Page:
RStudio Projects will make your life easier
Have you ever wanted to work on two (or even more) different, separate things in R, at the same time? Do you crave some order and organization in your R life? Yes? Then you need to start using RStudio projects!
(Side note: I assume that this is all pretty much the same on Windows as it is on Mac OS, but because using Windows makes me want to remove my own brain with a butter knife, I’m not sure… proceed with caution, Windows users.)
What is an “RStudio project”?
A project is just a directory, with an .RProj file in it. The .RProj file is basically an RStudio workspace and the working directory is automatically the folder in which it is located. So, when you open an .RProj file, you’ll see an RStudio window open up, and it will be it’s own work environment, and the working directory will automatically be the folder in which it is located.
Why is that cool?
There are two major reasons (for me at least, maybe you’ll have your own different reasons too) why RStudio projects are awesome:
- You can have more than one open at a time! Each .RProj window will have it’s own, independent workspace (by this, I mean that objects and processes in one project are independent of the other) - so you can run different things, have different scripts open, and have different objects in each open project. Maybe you are running a slow process for one analysis, and you want to wrangle some other data for a different analysis while you wait. Or maybe you want to just quickly check some output in another analysis, eventhough you’re still working on this new one? No problem! Check the other one without interfering at all with the new one! Big presentation coming up and you need to synthesize the results of a bunch of different analyses and you have lots of plots you want to tweek and results to check and you want to be able to access all of them at any time? No problem! You can have everything open at once!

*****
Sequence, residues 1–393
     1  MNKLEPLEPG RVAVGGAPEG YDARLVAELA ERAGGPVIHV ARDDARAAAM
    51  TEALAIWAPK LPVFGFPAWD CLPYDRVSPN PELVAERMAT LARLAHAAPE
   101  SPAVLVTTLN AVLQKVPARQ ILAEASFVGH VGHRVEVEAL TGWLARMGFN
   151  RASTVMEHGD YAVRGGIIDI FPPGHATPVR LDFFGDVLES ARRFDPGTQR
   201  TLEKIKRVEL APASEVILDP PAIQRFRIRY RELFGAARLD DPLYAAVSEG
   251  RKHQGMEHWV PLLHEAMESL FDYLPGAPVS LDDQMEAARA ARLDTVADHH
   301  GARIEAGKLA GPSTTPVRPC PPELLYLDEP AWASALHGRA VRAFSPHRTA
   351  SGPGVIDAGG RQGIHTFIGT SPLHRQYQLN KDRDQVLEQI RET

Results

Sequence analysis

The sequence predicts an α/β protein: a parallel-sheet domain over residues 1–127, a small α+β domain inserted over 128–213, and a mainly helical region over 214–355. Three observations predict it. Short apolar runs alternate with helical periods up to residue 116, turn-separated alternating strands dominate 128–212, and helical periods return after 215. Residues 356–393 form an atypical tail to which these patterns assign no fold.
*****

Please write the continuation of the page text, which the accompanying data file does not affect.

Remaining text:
- It’s super easy to share and collaborate! If you organize your files nicely - with all of the input/raw data and scripts in the project folder - then if you need to share your work, you just zip the project folder and send it off and it’s all ready to go! No need to scroll around looking for the right input data and the correct scripts! No need to include
rm(list = ls(all.names = TRUE))and
setwd()at the start of every script! No need for your collaborators to carefully go through your code, looking for loaded data/objects, and make sure they change all the file paths correctly! Your collaborator can just unzip the file, save it anywhere on their own drive, and run your scripts as is.
Wait, what was that about the working directory?
So, if you’re used to starting your scripts by clearing the workspace environment (
rm(list = ls(all.names = TRUE))) and then setting the working directory (
setwd()), you won’t need to do that anymore with projects!
Put all of the files that you need into the same folder as (or subfolders within) the project folder. Then, you can just load them (using whatever function you need; ex.
read.csv, etc) by referring only to the path within the project folder itself.
So, for example, in each of my project folders, I usually have: the scipts for that analysis (ordered in such a way that makes sense for that workflow), a ‘raw data’ folder (with .xlsx, .csv, or .Rdata files), a ‘plots’ folder (with the output plots/maps/data viz), and a ‘prepped data’ folder (where the wrangled/clean/output-data/data-for-the-subsequent-analysis goes). And so, in my scripts, the path names needed for loaded or saving data just start with such folder names, ex.
load("raw data/input-data-for-this-analysis.Rdata"). Maybe the photos below help to make this make sense…
Ok, so how do I make a project?
And then go to this link for more details on making and using RStudio projects! It feels inefficient (or I’m just lazy / it’s almost 1am and I’m tired) to rephrase and rewrite everything when that website has such thorough and clear instructions!
I hope using RStudio projects will make your life as much easier as it did mine. Enjoy!